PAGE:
Imagine you were able to go back in time exactly 12 months and find me here in my office at the church, writing my column. I am not sure I would believe you when you described what this November has been like. I think I would have been shocked to learn that people are restricting themselves to their homes and offices, and that more than 250,000 Americans have died from a new emergent virus since February. I would also be surprised when told that our some of our elected officials have intentionally downplayed the dangers of this disease and that common sense public health recommendations had become this politicized. And I certainly would have been incredulous when told that the President of the United States was now spreading flat-out lies about the results of this months’s election. No President in our country’s history has attempted to reject the results of a federal election quite like this. All of this would have left me in disbelief. Perhaps some of you feel the same way. Truth is stranger than fiction, as they say.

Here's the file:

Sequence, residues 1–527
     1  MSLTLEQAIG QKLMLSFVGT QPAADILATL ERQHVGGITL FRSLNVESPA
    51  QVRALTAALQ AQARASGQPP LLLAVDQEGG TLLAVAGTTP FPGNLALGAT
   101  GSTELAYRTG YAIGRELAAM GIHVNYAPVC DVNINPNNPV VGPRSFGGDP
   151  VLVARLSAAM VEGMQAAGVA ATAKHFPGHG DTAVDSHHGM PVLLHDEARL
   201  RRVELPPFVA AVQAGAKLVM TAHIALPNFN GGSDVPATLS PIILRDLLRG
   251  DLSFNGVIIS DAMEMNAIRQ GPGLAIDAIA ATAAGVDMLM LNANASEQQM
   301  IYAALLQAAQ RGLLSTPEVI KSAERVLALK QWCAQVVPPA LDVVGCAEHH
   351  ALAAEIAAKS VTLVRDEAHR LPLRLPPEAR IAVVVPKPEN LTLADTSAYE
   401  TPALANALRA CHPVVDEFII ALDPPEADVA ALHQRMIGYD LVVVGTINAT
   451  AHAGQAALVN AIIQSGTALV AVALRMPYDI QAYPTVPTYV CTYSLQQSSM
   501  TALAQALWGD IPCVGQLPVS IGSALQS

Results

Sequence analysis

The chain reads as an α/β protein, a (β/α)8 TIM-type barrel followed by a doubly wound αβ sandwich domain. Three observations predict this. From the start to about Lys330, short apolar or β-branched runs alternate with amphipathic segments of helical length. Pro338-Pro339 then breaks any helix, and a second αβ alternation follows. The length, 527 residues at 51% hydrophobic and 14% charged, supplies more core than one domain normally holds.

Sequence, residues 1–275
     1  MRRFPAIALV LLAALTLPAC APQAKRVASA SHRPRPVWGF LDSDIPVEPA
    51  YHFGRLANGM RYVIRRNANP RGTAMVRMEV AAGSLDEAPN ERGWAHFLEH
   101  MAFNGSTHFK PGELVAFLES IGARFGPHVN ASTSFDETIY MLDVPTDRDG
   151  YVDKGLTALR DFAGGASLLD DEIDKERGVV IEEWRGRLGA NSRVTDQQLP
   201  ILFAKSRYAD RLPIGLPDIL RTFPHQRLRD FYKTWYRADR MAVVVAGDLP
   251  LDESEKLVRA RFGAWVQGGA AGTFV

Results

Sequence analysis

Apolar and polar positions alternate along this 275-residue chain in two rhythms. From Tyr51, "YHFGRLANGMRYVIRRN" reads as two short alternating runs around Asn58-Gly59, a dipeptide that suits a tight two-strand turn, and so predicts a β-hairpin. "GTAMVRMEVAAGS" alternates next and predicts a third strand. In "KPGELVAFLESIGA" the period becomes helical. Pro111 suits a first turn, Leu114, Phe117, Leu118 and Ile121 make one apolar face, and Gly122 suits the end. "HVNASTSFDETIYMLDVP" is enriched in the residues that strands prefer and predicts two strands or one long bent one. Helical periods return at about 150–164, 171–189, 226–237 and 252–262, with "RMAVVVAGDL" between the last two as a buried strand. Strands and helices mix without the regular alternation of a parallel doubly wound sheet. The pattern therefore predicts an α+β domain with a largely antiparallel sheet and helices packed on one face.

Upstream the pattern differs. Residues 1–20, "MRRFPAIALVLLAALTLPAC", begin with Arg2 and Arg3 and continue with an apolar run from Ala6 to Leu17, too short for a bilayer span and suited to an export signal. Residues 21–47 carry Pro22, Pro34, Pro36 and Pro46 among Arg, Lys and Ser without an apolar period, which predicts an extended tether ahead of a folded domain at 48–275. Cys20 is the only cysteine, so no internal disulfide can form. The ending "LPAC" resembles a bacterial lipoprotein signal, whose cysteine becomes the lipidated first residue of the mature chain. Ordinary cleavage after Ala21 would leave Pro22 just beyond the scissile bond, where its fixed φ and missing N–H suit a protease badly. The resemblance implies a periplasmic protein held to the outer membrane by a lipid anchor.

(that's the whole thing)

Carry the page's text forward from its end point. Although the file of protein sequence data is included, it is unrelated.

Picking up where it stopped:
Hopefully there will continue to be state and local officials from both parties stepping forward – and up – and insisting that the results of the election were accurate. Even so, like many of you I have found the last few weeks disconcerting to say the least. As a result I find myself much more inclined to speak up for the rule of law, and support people from across the political spectrum who believe that our leaders should be people of integrity who do not lie about major issues of the day. This should not be partisan to write or say and yet I know right now it is. Hopefully in the days to come, there will be opportunities for people of good will and character from across the political spectrum to come together. This is an important part of our civic life and practice.
In the meantime, we are all facing an unusual Thanksgiving week and holiday, with many of us canceling plans and scaling back our gatherings. All of us are looking for some hope and light right now.
Please join us this Sunday for our Thanksgiving service. It will feature a virtual reading of the Governor’s Thanksgiving Day Proclamation and special music provided by local banjo player Larry Unger and fiddler Eric Boodman. I think you all will enjoy this celebration of gratitude and the fall harvest.
I wish you and your families a happy and safe Thanksgiving this week.
See you in church,